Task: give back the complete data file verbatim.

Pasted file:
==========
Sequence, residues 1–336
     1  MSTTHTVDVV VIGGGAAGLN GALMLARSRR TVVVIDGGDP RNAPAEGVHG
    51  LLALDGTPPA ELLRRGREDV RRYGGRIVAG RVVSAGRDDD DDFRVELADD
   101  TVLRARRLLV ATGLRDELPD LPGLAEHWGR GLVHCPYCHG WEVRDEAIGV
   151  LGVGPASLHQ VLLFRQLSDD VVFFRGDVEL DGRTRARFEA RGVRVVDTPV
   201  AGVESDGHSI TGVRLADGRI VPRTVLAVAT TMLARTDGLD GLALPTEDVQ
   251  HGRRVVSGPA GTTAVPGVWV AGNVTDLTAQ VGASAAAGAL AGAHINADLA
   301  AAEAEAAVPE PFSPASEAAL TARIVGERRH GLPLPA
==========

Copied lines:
Sequence, residues 1–336
     1  MSTTHTVDVV VIGGGAAGLN GALMLARSRR TVVVIDGGDP RNAPAEGVHG
    51  LLALDGTPPA ELLRRGREDV RRYGGRIVAG RVVSAGRDDD DDFRVELADD
   101  TVLRARRLLV ATGLRDELPD LPGLAEHWGR GLVHCPYCHG WEVRDEAIGV
   151  LGVGPASLHQ VLLFRQLSDD VVFFRGDVEL DGRTRARFEA RGVRVVDTPV
   201  AGVESDGHSI TGVRLADGRI VPRTVLAVAT TMLARTDGLD GLALPTEDVQ
   251  HGRRVVSGPA GTTAVPGVWV AGNVTDLTAQ VGASAAAGAL AGAHINADLA
   301  AAEAEAAVPE PFSPASEAAL TARIVGERRH GLPLPA